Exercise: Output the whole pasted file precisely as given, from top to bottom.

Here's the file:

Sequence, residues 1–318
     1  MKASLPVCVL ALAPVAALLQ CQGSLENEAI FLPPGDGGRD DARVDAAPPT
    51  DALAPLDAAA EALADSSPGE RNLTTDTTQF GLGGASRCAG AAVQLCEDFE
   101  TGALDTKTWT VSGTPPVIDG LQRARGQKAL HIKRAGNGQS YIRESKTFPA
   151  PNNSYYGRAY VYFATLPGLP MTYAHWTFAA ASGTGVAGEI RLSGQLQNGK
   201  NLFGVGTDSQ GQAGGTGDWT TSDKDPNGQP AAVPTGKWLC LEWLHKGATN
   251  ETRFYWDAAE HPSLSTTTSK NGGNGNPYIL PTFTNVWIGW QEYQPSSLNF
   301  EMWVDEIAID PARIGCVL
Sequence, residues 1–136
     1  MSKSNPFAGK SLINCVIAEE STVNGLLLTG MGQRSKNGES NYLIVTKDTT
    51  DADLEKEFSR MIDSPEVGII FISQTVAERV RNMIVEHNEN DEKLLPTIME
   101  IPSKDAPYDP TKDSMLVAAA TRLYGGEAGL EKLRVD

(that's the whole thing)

Sequence, residues 1–318
     1  MKASLPVCVL ALAPVAALLQ CQGSLENEAI FLPPGDGGRD DARVDAAPPT
    51  DALAPLDAAA EALADSSPGE RNLTTDTTQF GLGGASRCAG AAVQLCEDFE
   101  TGALDTKTWT VSGTPPVIDG LQRARGQKAL HIKRAGNGQS YIRESKTFPA
   151  PNNSYYGRAY VYFATLPGLP MTYAHWTFAA ASGTGVAGEI RLSGQLQNGK
   201  NLFGVGTDSQ GQAGGTGDWT TSDKDPNGQP AAVPTGKWLC LEWLHKGATN
   251  ETRFYWDAAE HPSLSTTTSK NGGNGNPYIL PTFTNVWIGW QEYQPSSLNF
   301  EMWVDEIAID PARIGCVL
Sequence, residues 1–136
     1  MSKSNPFAGK SLINCVIAEE STVNGLLLTG MGQRSKNGES NYLIVTKDTT
    51  DADLEKEFSR MIDSPEVGII FISQTVAERV RNMIVEHNEN DEKLLPTIME
   101  IPSKDAPYDP TKDSMLVAAA TRLYGGEAGL EKLRVD